Our mental and emotional well-being is the foundation for most if not all other achievements in our lives. For simply being able to live a purposeful life, whether it is explicit or otherwise. When it comes to Black African people in the UK, the African Health and Policy Network (AHPN) acknowledges that 1 in 4 will experience a mental health issue in their lifetime. However the Mental Health Foundation, report that generally, this same demographic are not well served by mainstream mental health services.
Medication or being treated under a section of the mental health act are more likely to be offered or implemented than any talking therapy. Treatment may be coercive and accurate diagnoses impaired by ‘dangerous stereotypes that the beliefs and behaviours of non-white people are sometimes pathologised as a manifestation of mental illness.’ Furthermore, the mental health system is predicated on symptoms and cures, that might have adverse affects on those with protected characteristics, which would include Black Africans.
I have anecdotal evidence from a family member working within the prison system in mental health, that it was not unusual for her be instructed to administer larger doses of medication to Black African prisoners. Furthermore, in these settings being over-represented in high and medium secure units and prisons is common. These statistics and anecdotes are about mental health as a whole, not just depression and so will take into account schizophrenia, with which Black African’s are disproportionately diagnosed, and other more serious illnesses. However, it has provided a foundation for enquiring into the experiences and perspectives on depression and how it is dealt with in families and the community.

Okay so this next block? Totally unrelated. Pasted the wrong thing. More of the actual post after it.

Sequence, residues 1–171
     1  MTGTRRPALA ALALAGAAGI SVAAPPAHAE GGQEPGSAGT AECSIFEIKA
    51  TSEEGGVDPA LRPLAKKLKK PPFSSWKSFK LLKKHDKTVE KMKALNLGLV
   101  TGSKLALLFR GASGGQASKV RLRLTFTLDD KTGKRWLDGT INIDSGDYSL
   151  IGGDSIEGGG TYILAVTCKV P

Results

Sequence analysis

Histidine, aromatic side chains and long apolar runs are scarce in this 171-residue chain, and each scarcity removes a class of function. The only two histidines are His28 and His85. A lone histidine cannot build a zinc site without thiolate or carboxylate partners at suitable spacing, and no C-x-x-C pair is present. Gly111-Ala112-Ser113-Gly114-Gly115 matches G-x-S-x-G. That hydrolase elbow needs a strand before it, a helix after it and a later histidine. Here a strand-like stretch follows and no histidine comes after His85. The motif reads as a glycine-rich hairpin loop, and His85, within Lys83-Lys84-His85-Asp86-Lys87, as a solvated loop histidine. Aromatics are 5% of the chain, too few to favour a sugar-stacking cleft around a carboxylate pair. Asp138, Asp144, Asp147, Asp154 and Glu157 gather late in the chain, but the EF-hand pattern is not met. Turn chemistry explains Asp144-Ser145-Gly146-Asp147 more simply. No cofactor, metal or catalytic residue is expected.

A fear of being stigmatised and even so far as being protective of the family unit to the same end, keeps us suffering in silence. More likely to approach the GP than family or friends, on a survey carried out by AHPN, fifty per cent of respondents indicated turning to a faith or community group. The church may well be considered a viable and safe place in times of need and where depression or mental health is an issue. Unfortunately, the fear of being judged can be too great or indeed exacerbate symptoms. There are erroneous beliefs that there is no cure and so the sufferer may fear disclosing how they are feeling, gravely concerned they will never recover from the debilitating affects. Those seeking support have been advised to pray about it, ignore it or strongly advised in the belief that depression does not exist. Signposting to professional help could have in some cases saved lives.